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Posted (edited)
20 hours ago, chunky said:

Actually (not that this would surprise you), but Huxley is one I always include in my list of "elite" riders, along with Vic Duggan...

Definitely Duggan Chunky,    the speedway public were robbed of seeing just how good Farndon and Craven really were a crying shame .Jack Young and Ronnie Moore for me would also be in a top 20 riders ever in history.

Edited by Sidney the robin

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Just out of interest, after mentioning Peter Jackson's averages on another thread, I thought I'd just take a look at who topped the averages in the pre-War years (1933-1939).

1933: Jack Parker 10.33, 1934: Vic Huxley: 10.31, 1935: Bluey Wilkinson 10.57, 1936: Jack Parker 10.27, 1937: Jack Milne 11.09, 1938: Jack Milne 10.96, 1939: Cordy Milne 11.50 (The 1939 season was unfinished of course).

 

 

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2 hours ago, norbold said:

Just out of interest, after mentioning Peter Jackson's averages on another thread, I thought I'd just take a look at who topped the averages in the pre-War years (1933-1939).

1933: Jack Parker 10.33, 1934: Vic Huxley: 10.31, 1935: Bluey Wilkinson 10.57, 1936: Jack Parker 10.27, 1937: Jack Milne 11.09, 1938: Jack Milne 10.96, 1939: Cordy Milne 11.50 (The 1939 season was unfinished of course).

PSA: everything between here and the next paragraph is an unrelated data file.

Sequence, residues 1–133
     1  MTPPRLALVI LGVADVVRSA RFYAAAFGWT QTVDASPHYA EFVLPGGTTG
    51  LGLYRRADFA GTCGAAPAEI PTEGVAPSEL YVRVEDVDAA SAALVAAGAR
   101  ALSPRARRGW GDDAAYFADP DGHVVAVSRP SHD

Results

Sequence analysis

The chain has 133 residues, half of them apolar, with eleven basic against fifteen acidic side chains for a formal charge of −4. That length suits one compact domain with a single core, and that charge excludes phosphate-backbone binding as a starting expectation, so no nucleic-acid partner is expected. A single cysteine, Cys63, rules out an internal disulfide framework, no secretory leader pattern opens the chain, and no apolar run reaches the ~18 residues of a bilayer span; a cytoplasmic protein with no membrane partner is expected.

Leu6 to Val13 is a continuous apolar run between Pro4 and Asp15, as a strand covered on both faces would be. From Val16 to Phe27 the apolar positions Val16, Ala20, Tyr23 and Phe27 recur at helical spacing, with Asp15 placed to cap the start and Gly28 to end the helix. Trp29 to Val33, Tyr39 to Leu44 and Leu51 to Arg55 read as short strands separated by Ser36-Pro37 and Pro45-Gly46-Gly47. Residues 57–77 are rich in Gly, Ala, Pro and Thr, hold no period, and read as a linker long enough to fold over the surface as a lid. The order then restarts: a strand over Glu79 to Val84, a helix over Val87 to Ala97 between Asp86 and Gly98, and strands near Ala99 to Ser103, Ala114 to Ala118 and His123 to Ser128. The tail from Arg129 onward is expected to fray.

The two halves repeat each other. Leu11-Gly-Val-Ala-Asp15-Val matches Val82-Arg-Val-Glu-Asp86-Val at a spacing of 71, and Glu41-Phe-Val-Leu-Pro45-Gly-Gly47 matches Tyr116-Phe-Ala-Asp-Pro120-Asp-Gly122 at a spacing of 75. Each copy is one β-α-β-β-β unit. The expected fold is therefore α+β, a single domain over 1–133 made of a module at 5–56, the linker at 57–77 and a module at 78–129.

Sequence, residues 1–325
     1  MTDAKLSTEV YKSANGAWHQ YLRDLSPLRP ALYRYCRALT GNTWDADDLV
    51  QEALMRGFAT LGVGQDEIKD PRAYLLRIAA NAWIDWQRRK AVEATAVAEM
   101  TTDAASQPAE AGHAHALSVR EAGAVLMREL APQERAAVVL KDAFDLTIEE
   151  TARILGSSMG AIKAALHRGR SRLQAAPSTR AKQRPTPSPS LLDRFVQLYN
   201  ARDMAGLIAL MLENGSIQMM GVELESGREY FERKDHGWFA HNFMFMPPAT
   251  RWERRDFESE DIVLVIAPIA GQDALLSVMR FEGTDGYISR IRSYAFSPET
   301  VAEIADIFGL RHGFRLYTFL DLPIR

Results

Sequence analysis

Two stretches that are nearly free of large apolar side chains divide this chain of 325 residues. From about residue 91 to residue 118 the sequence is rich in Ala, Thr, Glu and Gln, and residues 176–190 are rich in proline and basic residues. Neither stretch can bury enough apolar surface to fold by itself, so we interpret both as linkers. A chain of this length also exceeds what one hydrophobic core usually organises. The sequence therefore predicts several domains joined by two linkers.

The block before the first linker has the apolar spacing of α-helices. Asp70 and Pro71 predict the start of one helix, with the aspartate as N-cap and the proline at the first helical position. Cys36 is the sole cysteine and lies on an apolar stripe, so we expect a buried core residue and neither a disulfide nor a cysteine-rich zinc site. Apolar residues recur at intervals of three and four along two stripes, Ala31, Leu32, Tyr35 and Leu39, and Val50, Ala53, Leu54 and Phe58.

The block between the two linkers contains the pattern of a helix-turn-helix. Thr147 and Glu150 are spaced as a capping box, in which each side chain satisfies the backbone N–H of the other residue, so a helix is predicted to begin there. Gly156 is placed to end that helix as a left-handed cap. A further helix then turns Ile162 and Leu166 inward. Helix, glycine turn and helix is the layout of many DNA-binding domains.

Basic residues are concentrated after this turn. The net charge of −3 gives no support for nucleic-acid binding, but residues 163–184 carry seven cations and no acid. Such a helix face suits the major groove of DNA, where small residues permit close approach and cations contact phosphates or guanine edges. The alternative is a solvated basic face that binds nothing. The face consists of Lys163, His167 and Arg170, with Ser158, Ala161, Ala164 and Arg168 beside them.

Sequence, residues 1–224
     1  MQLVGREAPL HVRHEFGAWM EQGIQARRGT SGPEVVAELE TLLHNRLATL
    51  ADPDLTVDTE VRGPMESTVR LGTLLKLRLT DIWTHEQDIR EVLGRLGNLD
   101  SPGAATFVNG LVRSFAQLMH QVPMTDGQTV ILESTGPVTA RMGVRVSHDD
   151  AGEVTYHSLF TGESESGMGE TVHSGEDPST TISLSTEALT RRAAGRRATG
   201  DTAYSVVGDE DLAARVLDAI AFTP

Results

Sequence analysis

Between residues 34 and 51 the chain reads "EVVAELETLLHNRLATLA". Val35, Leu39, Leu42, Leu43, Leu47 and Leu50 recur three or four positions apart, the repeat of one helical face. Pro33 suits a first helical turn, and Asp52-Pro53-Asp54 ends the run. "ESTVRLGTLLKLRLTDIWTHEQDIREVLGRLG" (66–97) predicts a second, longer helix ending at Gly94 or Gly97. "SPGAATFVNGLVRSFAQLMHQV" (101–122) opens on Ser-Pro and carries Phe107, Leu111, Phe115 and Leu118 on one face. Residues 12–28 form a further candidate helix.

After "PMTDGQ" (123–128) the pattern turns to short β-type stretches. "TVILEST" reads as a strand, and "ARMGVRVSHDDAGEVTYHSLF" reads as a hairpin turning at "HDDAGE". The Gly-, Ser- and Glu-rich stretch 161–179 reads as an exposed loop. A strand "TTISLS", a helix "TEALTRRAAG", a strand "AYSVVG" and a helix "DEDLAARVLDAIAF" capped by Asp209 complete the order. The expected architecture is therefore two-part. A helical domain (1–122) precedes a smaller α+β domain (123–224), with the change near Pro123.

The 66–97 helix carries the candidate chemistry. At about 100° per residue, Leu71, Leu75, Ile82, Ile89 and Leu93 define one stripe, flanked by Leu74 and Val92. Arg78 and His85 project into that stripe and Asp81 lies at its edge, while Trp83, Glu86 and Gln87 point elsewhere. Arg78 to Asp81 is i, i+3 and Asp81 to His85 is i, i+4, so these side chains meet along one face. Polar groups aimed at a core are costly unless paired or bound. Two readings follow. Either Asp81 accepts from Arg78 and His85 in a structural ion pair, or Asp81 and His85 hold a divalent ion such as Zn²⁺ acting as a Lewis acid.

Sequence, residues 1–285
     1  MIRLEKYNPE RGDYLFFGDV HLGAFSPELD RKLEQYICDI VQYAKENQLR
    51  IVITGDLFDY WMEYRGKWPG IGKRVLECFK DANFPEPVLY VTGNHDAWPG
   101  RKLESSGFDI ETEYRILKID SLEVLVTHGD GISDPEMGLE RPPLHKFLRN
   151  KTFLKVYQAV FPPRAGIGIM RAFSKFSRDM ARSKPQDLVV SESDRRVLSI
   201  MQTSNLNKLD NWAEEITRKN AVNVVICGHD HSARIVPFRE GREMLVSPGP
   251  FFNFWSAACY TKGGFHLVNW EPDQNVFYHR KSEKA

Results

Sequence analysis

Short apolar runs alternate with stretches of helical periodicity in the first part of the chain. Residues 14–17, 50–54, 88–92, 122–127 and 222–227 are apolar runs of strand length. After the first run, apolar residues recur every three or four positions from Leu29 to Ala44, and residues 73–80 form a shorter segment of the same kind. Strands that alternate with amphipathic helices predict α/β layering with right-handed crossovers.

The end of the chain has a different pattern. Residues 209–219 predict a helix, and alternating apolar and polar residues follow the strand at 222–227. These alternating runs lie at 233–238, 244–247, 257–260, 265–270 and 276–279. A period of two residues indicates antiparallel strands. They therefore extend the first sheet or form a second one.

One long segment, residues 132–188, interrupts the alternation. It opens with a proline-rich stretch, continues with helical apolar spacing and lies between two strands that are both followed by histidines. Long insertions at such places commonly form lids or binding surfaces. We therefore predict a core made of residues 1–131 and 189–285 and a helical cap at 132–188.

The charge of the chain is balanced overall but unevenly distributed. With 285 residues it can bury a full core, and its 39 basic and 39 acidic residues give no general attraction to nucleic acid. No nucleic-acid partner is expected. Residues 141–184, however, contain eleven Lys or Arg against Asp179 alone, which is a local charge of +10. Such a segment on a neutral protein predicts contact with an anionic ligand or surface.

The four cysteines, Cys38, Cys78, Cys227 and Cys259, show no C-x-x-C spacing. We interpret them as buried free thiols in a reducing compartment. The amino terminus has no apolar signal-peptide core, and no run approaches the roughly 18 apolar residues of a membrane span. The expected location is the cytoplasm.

1929: Jack Parker (Coventry - Southern League) 10.76, Arthur Jervis (Manchester White City - Northern League) 10.00.
1930: Ginger Lees (Liverpool - Northern) 10.89, Vic Huxley (Harringay - Southern) 10.55. (Jack Parker, Coventry, 10.34).
1931: Eric Langton (Belle Vue - Northern) 11.28, Dick Case (Wimbledon - Southern) 10.14. (Jack Parker, Southampton, 10.02).
1932: Dick Case (Wimbledon - National League) 10.42. (Jack Parker, Clapton, 8.80 - Southampton team moved to Clapton).

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1 hour ago, BL65 said:

1929: Jack Parker (Coventry - Southern League) 10.76, Arthur Jervis (Manchester White City - Northern League) 10.00.